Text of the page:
This is the second part of 7 part series discussing ideas presented in “How Learning Works: 7 Research-Based Principles for Smart Teaching”.

In the second chapter of “How Learning Works” authors show that not only what students learn but how they organise their knowledge has profound implications on their learning. Knowledge can be organised in ways that either do or do not facilitate learning, performance, and retention.

Knowledge organisations of experts and novices are very different. The former organise knowledge in a complex network that connects the facts, concepts, procedures within the domain. The latter have not yet developed such connected or meaningful organisations. They tend to build sparse, superficial knowledge structures. The teacher should not assume that students will organise new knowledge in a way that she does. She should provide students with a structure for organising new information. This structure should not only support the creation of a high number of quality connections but also fit the task the new organisations need to support.

What are the actions a teacher can take to improve the way students organise their knowledge?

Understand how you organise your knowledge. This can be done by creating a Concept map of the topic you want to teach. I find this exercise very insightful. Often it shows me the gaps in my own knowledge or makes me realise that connections I considered obvious are not so obvious after all and much harder to explain. This will push me to look for better more clear connections. I also try to think of the connections with concepts outside of the topic. Comparison of maps around different concepts may also show some repeating patterns which can be very useful when teaching.

Introduce knowledge organisations that support the way they will be used. If your goal is to introduce students to the data analysis, do not only show the functions and operations that are used in the process. Explain all the steps like data import, cleaning, reshaping, visualisation and group operations accordingly. Point out why the order of steps is important. Show how reshaping the dataset into the dataframe will facilitate visualisation or what happens if one visualises the dataset with errors or missing values. This will make much easier for students to retrieve and apply new skills when faced with the whole data analysis task.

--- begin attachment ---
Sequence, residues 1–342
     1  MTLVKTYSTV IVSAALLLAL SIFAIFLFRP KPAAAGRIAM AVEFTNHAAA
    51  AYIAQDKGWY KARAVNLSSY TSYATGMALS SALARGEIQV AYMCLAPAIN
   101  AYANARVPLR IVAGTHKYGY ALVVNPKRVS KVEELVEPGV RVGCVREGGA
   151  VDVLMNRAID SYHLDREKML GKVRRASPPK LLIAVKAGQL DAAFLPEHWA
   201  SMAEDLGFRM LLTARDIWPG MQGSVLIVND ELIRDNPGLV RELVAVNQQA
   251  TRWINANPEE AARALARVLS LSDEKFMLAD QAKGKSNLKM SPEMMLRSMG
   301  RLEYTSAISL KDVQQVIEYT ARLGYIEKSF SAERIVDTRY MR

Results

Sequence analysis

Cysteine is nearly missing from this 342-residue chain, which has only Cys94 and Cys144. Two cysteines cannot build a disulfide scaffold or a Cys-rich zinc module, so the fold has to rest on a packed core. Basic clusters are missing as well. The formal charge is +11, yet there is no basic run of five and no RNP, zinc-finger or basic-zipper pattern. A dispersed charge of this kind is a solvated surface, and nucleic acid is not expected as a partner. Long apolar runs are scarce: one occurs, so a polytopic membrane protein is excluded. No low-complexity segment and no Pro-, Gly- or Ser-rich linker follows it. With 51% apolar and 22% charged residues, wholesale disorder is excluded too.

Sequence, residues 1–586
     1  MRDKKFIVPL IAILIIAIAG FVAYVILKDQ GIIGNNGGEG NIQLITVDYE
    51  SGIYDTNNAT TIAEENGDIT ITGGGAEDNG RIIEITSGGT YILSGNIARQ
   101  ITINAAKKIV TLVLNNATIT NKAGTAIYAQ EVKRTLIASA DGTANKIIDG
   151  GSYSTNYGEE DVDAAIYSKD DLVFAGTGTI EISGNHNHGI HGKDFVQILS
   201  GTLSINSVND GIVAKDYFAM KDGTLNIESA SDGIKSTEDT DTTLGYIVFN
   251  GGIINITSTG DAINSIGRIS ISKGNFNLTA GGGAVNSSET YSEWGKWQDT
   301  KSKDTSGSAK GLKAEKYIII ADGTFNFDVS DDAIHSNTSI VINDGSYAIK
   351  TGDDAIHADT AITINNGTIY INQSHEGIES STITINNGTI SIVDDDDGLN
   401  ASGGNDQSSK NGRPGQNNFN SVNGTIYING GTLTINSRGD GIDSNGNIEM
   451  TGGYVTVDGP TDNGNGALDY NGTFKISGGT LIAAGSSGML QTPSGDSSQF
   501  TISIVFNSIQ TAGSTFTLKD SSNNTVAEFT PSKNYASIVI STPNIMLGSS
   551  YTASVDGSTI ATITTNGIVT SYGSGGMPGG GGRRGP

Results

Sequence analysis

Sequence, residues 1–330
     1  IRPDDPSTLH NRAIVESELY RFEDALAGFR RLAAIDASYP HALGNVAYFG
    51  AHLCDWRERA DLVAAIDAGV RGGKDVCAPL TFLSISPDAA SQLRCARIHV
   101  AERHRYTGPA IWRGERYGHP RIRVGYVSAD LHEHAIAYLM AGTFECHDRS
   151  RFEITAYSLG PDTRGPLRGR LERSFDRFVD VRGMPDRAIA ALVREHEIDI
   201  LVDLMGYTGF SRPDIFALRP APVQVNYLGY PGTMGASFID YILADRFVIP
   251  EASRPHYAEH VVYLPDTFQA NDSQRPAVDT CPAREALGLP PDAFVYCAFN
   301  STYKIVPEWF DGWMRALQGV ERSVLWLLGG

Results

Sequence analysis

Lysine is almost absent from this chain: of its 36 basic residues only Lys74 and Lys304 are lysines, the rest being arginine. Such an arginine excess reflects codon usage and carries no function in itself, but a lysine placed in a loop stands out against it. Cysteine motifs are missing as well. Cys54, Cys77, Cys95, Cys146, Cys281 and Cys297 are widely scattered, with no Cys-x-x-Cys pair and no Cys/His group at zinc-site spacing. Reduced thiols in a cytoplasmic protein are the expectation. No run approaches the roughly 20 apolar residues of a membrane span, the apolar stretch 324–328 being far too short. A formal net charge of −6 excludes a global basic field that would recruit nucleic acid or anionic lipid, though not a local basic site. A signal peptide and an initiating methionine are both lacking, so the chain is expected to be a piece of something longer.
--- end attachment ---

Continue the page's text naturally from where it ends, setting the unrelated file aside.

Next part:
Novices tend to organise their knowledge in silos, mirroring the way it was presented to them. Using the same example as above, if you teach those different steps of data analysis as separate lessons without pointing out how they are interconnected you cannot expect students to make the connections themselves. They may learn all the necessary steps of data cleaning or all the different ways to visualise them but may have problems performing the whole task. You can emphasise those connections even more by presenting an outline of the course and outlines of the lessons, pointing out how they fit together. In Software Carpentry workshops each lesson has a list of objectives. It is easy to skip those, but your teaching will have a much higher impact if you take the time at the beginning of the lesson and go through them. Even though I know that making connections between different lessons is important, tend to forget about it while teaching. I do make connections between concepts explicit, for example between head in shell and head() function in R or filter and select with dplyr and SQL but I rarely take time at the beginning of the workshop to explain how all the lessons fit together, draw a bigger picture. I think it is very important thing to do.

Presenting with contrasts and boundary cases will allow for the formation of more sophisticated knowledge organisations. For example, when teaching lists and generators in Python, showing both the differences and common features will help students understand deeper how they work (especially generators, which I think are harder to grasp).

Authors suggest asking students to draw concept maps at the beginning and in an ongoing manner to monitor how their knowledge organisations change. I think this not only helps teachers to see how students are improving their understanding of the concepts but also gives students time to process and organise all new information and transform it into knowledge. As I mentioned in the previous post it’s common to use concept maps at the beginning of the DC spreadsheet lesson. Unfortunately, there is not much time to do it more frequently during the workshop.

Similarly to concept maps, sorting different problems, concepts or situations into categories will help students establishing more robust knowledge organisations and unveil cases when students focus on superficial similarities instead of deep features.


How students organise their knowledge has a great impact on how efficiently they can use it. Teachers cannot assume students will figure out efficient knowledge organisations and should help students with this task.

There are few techniques or approaches mentioned in this chapter, that I rarely use. I believe I can improve my teaching by taking time in the beginning of the workshop to outline how all the lessons fit together, what is the bigger picture. I also want to try out introducing more use of concept sorting.

I’m curious what are your thoughts on knowledge organisations.